With the CFL Combine about to get underway, here are five players who could see their stock fall should they fail to meet expectations this week in Winnipeg.
OL Dakoda Shepley, UBC
Currently ranked eleventh on the CFL scouting bureau rankings, Shepley has more than enough size and athleticism to be a productive offensive lineman at the pro level. The question is how many positions in the trenches he’ll be able to play.
This year’s combine roster features a number of talented offensive linemen, but very few — if any — who have the build to play offensive tackle. Darius Ciraco (Calgary), Justin Lawrence (Alberta), and Mark Korte (Alberta) project as CFL centres, while Peter Godber (Rice), Andrew Pickett (Guelph), and Ryan Sceviour (Calgary) project as CFL guards. Shepley, a Canada West all-star at tackle in 2017, has a shot to play tackle at the pro level.
A strong performance at tackle in the combine’s one-on-one pass rushing drills would solidify Shepley’s ranking as a top offensive lineman. Should he struggle at tackle, Shepley’s stock could fall when lumped in with the glut of this draft’s other interior hogs.
DB Godrey Onyeka, Wilfrid Laurier
Onyeka currently sits sixth in the CFL scouting bureau rankings and hasn’t shied away from pumping his own tires. Telling 519 Sports Online that he should be the first overall selection in this year’s draft, Onyeka will have the chance to prove his skills at the combine later this week.
Scouts know that Onyeka will be able to play safety and contribute on special teams at the CFL level; what’s up for debate is his ability to contribute elsewhere in the secondary — cornerback, halfback or even strong-side linebacker. If he wants to be in serious consideration for the draft’s top selection, Onyeka will need to perform well in the 40-yard dash and one-on-one cover drills against the combine’s top receivers.
Canadian defensive backs who can play in a number of positions — think Arjen Colquhoun (Edmonton) or Anthony Thompson (B.C.) — have tremendous value compared to their one-dimensional counterparts. We already know Onyeka is the top defensive back available in this year’s draft; the question is how much can he separate himself from the pack.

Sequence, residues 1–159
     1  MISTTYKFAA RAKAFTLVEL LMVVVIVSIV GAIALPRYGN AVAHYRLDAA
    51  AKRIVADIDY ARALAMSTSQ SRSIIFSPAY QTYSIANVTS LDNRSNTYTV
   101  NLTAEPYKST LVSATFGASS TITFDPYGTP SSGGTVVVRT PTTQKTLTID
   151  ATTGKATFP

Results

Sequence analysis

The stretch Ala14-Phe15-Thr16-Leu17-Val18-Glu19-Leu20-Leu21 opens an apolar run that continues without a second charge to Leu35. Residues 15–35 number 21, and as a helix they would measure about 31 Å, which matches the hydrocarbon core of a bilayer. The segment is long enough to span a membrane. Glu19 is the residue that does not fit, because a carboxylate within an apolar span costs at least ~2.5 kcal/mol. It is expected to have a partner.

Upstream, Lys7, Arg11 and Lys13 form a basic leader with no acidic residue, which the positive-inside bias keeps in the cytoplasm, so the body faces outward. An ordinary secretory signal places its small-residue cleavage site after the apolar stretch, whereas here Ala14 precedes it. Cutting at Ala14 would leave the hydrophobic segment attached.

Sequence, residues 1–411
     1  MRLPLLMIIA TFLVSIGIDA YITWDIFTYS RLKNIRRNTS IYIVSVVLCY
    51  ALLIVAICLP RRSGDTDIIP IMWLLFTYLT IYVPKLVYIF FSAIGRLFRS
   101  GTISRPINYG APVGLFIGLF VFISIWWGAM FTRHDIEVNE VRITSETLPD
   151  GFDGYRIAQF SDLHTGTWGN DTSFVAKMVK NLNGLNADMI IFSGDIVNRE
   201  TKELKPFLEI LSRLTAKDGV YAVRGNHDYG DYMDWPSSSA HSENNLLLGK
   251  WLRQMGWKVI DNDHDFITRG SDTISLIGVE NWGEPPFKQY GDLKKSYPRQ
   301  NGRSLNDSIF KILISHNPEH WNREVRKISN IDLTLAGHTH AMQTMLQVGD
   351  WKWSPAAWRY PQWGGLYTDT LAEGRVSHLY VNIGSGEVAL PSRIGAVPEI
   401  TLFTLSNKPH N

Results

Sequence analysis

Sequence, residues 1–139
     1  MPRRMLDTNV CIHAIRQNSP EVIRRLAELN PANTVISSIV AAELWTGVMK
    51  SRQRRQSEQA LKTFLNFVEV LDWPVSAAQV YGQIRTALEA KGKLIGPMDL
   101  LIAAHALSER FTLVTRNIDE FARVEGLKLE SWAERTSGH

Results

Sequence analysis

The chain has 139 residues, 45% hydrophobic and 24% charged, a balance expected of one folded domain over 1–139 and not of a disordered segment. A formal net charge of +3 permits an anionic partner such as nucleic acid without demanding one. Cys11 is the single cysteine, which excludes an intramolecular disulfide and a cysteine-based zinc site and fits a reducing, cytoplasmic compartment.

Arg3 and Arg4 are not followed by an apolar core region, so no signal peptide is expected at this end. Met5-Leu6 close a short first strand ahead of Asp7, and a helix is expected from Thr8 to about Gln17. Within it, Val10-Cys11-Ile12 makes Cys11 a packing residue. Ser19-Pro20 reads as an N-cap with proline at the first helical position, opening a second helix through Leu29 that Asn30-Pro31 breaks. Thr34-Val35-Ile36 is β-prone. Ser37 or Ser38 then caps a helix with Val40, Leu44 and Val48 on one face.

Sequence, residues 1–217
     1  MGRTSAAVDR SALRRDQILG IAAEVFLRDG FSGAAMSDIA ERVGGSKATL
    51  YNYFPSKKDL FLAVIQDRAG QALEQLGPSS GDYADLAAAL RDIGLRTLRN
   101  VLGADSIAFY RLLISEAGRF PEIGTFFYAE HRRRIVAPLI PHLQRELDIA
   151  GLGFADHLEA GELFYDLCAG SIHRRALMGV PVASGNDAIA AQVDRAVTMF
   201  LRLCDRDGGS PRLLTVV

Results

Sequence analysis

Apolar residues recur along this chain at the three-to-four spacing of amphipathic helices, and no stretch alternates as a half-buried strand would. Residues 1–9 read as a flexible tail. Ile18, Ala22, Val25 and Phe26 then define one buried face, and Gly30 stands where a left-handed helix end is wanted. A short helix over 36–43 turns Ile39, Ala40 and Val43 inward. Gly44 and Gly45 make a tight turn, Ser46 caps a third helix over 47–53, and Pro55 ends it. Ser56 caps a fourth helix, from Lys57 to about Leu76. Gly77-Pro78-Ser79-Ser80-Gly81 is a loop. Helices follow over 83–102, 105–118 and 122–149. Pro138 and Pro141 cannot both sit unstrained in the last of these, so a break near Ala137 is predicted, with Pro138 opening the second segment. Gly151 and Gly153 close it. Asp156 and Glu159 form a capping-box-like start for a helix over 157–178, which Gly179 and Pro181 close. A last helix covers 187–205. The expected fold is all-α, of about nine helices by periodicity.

DL Julien Laurent, Georgia State
Laurent is a solid nose tackle prospect who currently sits fifth on the CFL’s scouting bureau rankings. The honour student has a body that is ready for professional football — the problem is that it’s ready for professional American football.
Weighing in at 325 pounds during his senior season with the Panthers, Laurent is simply too heavy to play in the CFL. Western’s Rupert Butcher — the last “oversized” defensive tackle prospect to appear at the CFL combine — performed well in the one-on-ones two years ago, but still slid to the sixth round of that year’s draft. Cut by Winnipeg in training camp (twice), Butcher has yet to find a CFL home since June of 2017.
Laurent would do himself a big favor by showing up to this week’s combine between twenty-five and forty pounds lighter than his playing weight from his final collegiate season at Georgia State. The issue is that Laurent, like many of the CFL’s top prospects, is still hoping for a shot at the NFL and taking off the weight could inhibit his chances of getting a look down south.
DL Kene Onyeka, Carleton
Onyeka had an outstanding senior season with the Ravens, recording 10.5 sacks in eight games en route to winning the J.P. Metras Trophy. The Metras is awarded to the most outstanding offensive or defensive lineman in USports and has previously been awarded to Israel Idonije, Dominic Picard, Chris Best, Laurent Duvernay-Tardif, and David Onyemata.
There’s no taking away the success Onyeka enjoyed as a senior, but the fourteenth-ranked prospect still has plenty to prove this week at the combine. Onyeka had just one sack as a junior in 2016, meaning his dominance as a pass rusher has been short-lived. There’s also the added pressure of Bo Banner’s late inclusion in this year’s draft class. Onyeka was the undisputed top defensive end in this year’s class until Banner’s addition — if Banner outperforms him, Onyeka’s stock will fall.
Onyeka should be a high selection in this year’s draft regardless of his combine performance, but a failure to establish himself as a can’t-miss pass rushing prospect may see him slide out of the first round (or two) of the draft.
REC Rashaun Simonise, Calgary
I know what you’re thinking — didn’t Simonise appear on yesterday’s list of the top five players with the most to gain from attending the combine? The answer is yes — that’s just how polarizing Simonise is. He belongs on both lists.
Simonise currently sits seventh on the CFL’s scouting bureau rankings, but his stock could plummet if he doesn’t appear interested in performing at the combine. Simonise is enigmatic, athletically-gifted, skilled, and unpredictable. Some have taken to calling him the ‘Canadian Duron Carter’ — when focused, he’s great; the problem is that he’s not always focused.
Simonise could see his stock rise (see yesterday’s piece) or fall depending on his attitude, level of focus, and on-field performance. He’ll be one of the most engaging players at this year’s combine and one who I can’t wait to see live.
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